[CCWG-ACCT] the difference between a PDP and GAC Advice...

Burr, Becky Becky.Burr at neustar.biz
Mon Feb 1 21:48:53 UTC 2016

Jorge asks why I am drawing a distinction between GAC Advice and the output (e.g., a policy developed through a PDP) of a supporting organization or this new “GNSO Guidance." The differences between a PDP (or Guidance on implementation of a PDP) and GAC Advice are both structural and substantive.   In short, the process for issuing GNSO policy and guidance has built-in safeguards to prevent Mission creep and promote transparency and public consultation.  For many reasons, including some that I consider entirely appropriate, that’s not the case with GAC Advice.

On the one hand, the GAC can give Advice on any topic it likes.  Yes, technically it must relate to “public policy” - but as we know that is a very broad concept.  The GAC can also give that Advice at any time it likes - before, during, or well after a PDP or even the Board’s acceptance of a PDP.     There is no rule that says that GAC Advice must relate to a topic within ICANN’s Mission or that such Advice must be consistent with ICANN’s Bylaws.  Both the flexibility with respect to topic and timing mean that GAC Advice can be disruptive to ongoing policy development and/or implementation. And, under Rec. 11 as currently proposed, the Board must accept that Advice unless 66% of the Board opposes it.  That’s the case no matter what that Advice is and even if a majority of the Board thinks it would violate ICANN’s Bylaws to implement that Advice.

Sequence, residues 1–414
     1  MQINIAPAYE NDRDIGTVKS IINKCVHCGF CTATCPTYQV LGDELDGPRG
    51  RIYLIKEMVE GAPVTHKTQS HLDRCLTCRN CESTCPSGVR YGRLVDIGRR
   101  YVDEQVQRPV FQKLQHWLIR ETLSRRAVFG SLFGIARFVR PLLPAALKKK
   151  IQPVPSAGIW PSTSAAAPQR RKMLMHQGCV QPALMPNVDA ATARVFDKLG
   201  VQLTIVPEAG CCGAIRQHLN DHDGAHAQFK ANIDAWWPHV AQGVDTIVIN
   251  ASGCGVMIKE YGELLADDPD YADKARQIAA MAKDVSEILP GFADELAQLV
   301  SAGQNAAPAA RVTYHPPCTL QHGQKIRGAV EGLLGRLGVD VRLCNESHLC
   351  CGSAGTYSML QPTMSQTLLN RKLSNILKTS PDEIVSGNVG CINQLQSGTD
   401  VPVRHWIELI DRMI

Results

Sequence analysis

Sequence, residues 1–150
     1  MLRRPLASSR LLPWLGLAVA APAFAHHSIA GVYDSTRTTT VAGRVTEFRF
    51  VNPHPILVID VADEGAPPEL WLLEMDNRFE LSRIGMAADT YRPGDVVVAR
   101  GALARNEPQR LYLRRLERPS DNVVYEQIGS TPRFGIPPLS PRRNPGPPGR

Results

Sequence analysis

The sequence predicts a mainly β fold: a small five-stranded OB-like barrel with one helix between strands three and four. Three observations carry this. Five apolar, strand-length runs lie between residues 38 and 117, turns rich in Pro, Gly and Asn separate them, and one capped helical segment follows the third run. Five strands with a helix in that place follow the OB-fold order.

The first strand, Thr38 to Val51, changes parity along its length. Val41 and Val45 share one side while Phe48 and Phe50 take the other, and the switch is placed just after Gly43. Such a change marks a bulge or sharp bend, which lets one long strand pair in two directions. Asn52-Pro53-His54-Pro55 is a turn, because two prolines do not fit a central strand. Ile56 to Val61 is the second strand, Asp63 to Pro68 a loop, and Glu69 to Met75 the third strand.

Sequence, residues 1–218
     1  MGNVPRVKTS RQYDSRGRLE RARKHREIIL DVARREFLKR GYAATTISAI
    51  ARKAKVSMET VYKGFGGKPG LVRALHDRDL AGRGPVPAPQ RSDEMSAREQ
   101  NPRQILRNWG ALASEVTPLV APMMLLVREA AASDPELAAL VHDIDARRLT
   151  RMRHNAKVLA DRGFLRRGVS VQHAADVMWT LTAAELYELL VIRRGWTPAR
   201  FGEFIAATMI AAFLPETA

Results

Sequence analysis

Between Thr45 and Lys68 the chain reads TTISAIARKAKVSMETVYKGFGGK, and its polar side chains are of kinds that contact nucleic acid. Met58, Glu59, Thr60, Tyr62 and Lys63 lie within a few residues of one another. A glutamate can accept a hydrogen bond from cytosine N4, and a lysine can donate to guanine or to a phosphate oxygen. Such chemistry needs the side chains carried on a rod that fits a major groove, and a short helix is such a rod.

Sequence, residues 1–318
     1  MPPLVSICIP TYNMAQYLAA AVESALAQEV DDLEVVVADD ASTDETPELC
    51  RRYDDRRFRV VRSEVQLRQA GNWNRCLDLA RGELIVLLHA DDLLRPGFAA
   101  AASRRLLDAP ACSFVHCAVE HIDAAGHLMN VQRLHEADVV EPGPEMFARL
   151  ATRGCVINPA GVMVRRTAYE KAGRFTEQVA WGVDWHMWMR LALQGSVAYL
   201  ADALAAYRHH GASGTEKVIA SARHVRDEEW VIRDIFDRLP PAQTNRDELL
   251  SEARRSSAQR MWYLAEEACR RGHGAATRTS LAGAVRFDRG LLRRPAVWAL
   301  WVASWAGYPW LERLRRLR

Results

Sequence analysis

A PDP, on the other hand, takes place in a highly structured environment that is strictly controlled both by subject matter and sequencing.  Even before the PDP really gets off the ground it is subject to review by ICANN’s General Counsel as to whether or not it is within ICANN’s Mission.  That is a critical structural safeguard against scope creep that distinguishes a PDP from GAC Advice.

The PDP process is highly structured, with numerous safeguards that protect against scope creep and ensure transparency:

a. Final Issue Report requested by the Board, the GNSO Council ("Council") or Advisory Committee. The issue report must affirmatively address the following issues:

  *   The proposed issue raised for consideration;
  *   The identity of the party submitting the request for the Issue Report;
  *   How that party is affected by the issue, if known;
  *   Support for the issue to initiate the PDP, if known;
  *   The opinion of the ICANN General Counsel regarding whether the issue proposed for consideration within the Policy Development Process is properly within the scope of the ICANN's mission, policy process and more specifically the role of the GNSO as set forth in the Bylaws.
  *   The opinion of ICANN Staff as to whether the Council should initiate the PDP on the issue

b. Formal initiation of the Policy Development Process by the Council;
c. Formation of a Working Group or other designated work method;
d. Initial Report produced by a Working Group or other designated work method;
e. Final Report produced by a Working Group, or other designated work method, and forwarded to the Council for deliberation;
f. Council approval of PDP Recommendations contained in the Final Report, by the required thresholds;
g. PDP Recommendations and Final Report shall be forwarded to the Board through a Recommendations Report approved by the Council]; and
h. Board approval of PDP Recommendations.

The proposal to create “GNSO Guidance” doesn’t change things dramatically – as proposed by the Policy and Implementation Working Group, because such guidance "would typically involve clarification of, or advice on existing gTLD policy recommendations.”

J. Beckwith Burr
Neustar, Inc. / Deputy General Counsel & Chief Privacy Officer
1775 Pennsylvania Avenue NW, Washington D.C. 20006
Office: +1.202.533.2932  Mobile: +1.202.352.6367 / neustar.biz<http://www.neustar.biz>
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